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Neurosurgery. 1992 Sep;31(3):575-9.

Continual intracavitary administration of amphotericin B as an adjunct in the treatment of aspergillus brain abscess: case report and review of the literature.

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  • 1Department of Neurosurgery, University of Minnesota, Minneapolis.


Aspergillus brain abscess is often a fatal disease, regardless of the mode of therapy. Most often seen in the compromised host, it is notoriously refractory to systemic antifungal agents and intrathecal antimycotics. Even with radical surgical debridement, only 13 patients, including the present case, have survived longer than 3 months after being treated for aspergillus brain abscess or granuloma. Studies have shown poor penetration of amphotericin B into the brain and cerebrospinal fluid. One way to achieve therapeutic levels of the agent near the abscess is through the direct introduction of the agent into the abscess site via an indwelling catheter. In the present case, a woman with an aspergillus abscess of the left temporal lobe was treated by a combination of systemic agents, radical debridement, and local therapy, resulting in a cure with a follow-up of 6 years. This is the first reported instance of the use of long-term, local antifungal therapy delivered to the area of the abscess cavity, using a closed reservoir system, and this patient is only the second renal transplant patient reported to have survived aspergillus brain abscess. This form of treatment produced no untoward long-term side effects or neurological sequelae. Local irrigation with antifungal agents should be considered in conjunction with systemic antifungal drugs and drainage and/or debridement in cases of fungal intracerebral aspergilloma. This technique may also prove useful with other fungal brain lesions.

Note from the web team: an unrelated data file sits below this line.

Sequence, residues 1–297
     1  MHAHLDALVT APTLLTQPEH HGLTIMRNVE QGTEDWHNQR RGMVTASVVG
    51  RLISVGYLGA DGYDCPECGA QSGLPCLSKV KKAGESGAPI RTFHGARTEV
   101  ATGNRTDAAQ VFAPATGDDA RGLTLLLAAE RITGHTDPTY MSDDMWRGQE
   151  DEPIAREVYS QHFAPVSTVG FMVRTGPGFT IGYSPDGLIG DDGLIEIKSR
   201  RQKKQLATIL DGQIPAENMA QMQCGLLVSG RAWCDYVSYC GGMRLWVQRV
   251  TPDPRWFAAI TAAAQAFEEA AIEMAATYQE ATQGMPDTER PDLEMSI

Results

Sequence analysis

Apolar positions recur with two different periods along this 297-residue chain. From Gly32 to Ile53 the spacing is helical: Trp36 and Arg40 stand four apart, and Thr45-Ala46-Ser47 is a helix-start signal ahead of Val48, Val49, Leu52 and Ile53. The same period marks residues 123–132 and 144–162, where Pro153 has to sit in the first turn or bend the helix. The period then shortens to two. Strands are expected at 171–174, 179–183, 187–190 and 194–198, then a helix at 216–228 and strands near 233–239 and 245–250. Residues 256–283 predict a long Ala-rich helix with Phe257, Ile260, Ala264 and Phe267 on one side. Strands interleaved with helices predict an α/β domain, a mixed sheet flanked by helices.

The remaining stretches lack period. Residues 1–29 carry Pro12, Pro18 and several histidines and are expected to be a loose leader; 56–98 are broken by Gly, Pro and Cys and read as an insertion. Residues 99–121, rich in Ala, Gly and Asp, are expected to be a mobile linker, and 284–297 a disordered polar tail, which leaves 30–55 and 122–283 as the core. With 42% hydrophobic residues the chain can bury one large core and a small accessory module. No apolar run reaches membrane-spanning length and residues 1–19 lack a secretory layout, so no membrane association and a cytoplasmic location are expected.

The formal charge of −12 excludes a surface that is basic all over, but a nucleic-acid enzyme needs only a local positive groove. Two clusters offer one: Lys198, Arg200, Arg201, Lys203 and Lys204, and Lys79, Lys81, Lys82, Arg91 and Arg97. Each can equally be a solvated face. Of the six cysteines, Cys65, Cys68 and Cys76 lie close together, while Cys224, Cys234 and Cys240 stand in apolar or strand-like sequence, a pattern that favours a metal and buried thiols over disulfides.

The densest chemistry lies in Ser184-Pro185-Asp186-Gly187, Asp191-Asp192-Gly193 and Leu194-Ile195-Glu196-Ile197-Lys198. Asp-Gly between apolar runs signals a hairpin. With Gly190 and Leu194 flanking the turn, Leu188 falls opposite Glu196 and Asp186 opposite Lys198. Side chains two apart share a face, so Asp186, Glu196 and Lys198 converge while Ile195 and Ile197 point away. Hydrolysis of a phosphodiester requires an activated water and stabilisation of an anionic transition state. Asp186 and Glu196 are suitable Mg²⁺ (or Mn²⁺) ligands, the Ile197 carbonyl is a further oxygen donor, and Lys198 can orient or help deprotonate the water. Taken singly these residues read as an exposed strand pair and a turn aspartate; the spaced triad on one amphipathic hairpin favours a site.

[PubMed - indexed for MEDLINE]
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